Michael first met Hanna when he became ill walking home, when she aided him. After a prolonged illness he returned to express his gratitude. At that visit, he became enamored with her, and caught a glimpse of her changing clothes. He became obsessed with her and fantasized about returning to visit her. He doesn't explicitly quote Jesus' admonition that if you look with lust on a woman you have committed adultery, but he refers to it in a classic justification for premeditated sin. When struggling with whether to visit Hanna again, he asks,
Did my moral upbringing somehow turn against itself? If looking at someone with desire was as bad as satisfying the desire, if having an active fantasy was as bad as the act you were fantasizing--then why not the satisfaction and the act itself? As the days went on, I discovered that I couldn't stop thinking sinful thoughts. In which case I also wanted the sin itself.Granted, lust and the act of adultery are both sins, but there is certainly a qualitative difference between imagining the act and actually doing it. Still, many Christians can relate to his quandary.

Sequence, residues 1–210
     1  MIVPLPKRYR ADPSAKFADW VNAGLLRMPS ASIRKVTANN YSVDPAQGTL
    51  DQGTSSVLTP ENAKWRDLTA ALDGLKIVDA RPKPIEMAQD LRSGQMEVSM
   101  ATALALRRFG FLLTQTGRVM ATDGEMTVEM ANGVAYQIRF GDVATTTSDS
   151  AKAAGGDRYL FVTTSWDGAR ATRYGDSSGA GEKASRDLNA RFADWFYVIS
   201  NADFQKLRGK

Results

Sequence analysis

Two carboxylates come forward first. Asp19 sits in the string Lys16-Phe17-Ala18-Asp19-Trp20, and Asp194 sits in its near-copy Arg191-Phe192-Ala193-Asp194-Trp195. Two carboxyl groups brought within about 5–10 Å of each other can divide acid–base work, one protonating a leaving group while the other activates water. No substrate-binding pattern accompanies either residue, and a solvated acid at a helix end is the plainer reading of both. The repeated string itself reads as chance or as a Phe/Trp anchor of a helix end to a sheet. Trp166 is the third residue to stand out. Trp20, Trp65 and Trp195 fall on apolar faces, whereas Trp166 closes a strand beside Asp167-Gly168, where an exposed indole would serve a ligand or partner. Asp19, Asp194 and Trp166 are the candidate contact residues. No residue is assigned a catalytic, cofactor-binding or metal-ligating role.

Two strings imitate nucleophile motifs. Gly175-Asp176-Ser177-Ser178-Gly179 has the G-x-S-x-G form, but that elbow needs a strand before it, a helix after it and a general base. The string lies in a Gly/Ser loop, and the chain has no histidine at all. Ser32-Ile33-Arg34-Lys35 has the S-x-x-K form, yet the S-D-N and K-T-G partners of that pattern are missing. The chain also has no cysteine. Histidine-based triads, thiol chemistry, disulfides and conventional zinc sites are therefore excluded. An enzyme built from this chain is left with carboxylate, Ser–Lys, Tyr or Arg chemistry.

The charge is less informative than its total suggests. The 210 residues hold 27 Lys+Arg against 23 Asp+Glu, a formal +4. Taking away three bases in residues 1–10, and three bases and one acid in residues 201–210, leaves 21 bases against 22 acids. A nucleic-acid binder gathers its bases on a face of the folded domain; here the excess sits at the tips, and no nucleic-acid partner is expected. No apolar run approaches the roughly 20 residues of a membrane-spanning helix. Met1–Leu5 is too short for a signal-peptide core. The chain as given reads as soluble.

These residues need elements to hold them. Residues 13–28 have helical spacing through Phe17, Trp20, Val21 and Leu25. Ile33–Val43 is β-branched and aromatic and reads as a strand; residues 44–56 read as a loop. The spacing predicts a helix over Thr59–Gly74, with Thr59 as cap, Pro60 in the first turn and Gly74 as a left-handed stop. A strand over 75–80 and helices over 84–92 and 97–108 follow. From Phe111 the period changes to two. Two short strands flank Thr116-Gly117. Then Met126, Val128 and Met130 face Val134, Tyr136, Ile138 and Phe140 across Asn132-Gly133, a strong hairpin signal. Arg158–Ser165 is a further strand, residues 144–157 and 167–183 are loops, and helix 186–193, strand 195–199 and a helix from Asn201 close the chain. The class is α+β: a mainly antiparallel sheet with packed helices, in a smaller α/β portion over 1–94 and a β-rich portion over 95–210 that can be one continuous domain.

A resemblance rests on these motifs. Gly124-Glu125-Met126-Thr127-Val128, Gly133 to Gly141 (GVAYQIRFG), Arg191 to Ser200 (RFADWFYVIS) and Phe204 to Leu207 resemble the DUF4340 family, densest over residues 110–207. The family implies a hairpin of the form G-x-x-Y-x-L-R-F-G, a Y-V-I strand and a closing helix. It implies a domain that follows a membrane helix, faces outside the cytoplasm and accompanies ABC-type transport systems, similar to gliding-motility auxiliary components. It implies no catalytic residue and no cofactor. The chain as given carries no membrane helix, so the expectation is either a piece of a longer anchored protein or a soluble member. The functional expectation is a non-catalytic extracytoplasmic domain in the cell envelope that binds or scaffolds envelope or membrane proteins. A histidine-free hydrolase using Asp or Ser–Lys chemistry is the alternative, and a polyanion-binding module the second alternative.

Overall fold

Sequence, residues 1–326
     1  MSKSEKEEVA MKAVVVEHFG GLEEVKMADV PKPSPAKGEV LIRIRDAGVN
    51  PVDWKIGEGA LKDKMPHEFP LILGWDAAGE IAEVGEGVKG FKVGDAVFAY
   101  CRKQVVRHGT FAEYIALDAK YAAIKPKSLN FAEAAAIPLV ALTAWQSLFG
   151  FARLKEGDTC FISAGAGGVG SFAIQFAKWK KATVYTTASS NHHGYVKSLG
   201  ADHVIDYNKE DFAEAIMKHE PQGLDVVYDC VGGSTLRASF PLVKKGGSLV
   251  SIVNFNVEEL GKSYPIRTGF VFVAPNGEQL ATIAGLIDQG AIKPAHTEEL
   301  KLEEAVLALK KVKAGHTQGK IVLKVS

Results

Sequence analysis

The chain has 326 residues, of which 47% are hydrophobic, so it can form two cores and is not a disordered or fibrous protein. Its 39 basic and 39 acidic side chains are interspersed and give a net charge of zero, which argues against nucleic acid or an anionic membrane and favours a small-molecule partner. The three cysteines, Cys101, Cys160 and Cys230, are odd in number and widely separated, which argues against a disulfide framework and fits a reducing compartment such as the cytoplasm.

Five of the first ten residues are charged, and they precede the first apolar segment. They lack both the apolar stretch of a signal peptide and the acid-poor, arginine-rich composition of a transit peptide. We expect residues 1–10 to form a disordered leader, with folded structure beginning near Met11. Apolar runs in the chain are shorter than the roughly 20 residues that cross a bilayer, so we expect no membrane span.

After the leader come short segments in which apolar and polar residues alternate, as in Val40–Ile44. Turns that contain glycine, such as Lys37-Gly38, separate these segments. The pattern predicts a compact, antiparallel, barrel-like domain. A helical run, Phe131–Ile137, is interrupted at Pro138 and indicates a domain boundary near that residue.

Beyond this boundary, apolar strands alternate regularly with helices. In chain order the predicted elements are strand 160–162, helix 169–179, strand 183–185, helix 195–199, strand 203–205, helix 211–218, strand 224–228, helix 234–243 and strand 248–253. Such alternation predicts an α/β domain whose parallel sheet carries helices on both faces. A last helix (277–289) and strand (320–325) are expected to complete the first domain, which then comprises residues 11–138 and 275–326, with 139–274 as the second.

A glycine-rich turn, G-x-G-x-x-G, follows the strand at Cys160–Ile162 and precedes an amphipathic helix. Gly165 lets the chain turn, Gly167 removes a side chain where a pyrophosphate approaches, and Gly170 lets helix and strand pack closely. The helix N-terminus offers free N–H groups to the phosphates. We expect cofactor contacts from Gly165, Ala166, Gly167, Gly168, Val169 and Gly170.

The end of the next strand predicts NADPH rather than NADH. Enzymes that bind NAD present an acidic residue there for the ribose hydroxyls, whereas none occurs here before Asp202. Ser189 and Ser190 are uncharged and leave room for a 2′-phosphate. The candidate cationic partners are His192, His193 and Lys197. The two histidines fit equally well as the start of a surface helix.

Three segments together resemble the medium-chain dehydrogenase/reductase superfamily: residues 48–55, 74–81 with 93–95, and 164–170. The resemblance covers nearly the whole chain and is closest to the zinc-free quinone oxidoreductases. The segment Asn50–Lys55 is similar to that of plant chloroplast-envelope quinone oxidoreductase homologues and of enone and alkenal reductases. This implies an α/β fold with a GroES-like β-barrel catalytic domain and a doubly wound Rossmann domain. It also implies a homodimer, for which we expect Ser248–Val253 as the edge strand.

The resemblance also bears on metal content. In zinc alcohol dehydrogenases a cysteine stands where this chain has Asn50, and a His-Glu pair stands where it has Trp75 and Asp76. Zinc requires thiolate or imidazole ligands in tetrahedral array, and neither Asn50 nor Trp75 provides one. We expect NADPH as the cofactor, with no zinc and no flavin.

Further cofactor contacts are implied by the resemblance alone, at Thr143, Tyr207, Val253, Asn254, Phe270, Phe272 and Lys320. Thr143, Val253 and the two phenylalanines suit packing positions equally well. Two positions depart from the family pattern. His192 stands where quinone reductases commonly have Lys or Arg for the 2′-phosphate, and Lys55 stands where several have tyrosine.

In a later passage, as he observes Hanna's trial, he reflects on his generation's rejection of his parents' generation's moral authority. Every generation has a sense of rebellion against their parents, but in their case, they see the manifest moral failure of the Germans during World War 2 and the years leading up to it. Whether they were active participants, passive approvers, or silent observers, Michael considers the atrocities of that era to reflect a lack of morality for all of their generation, so who can blame young people for wanting to distance themselves from the culture and mores of the previous generation?
As I mentioned in the movie review, the age gap between Michael and Hanna is unnerving, but is essential to the story. If such a thing can be looked past, once you do look past it, The Reader is a terrific read and brings up questions of moral culpability and ethical decision making in very interesting ways.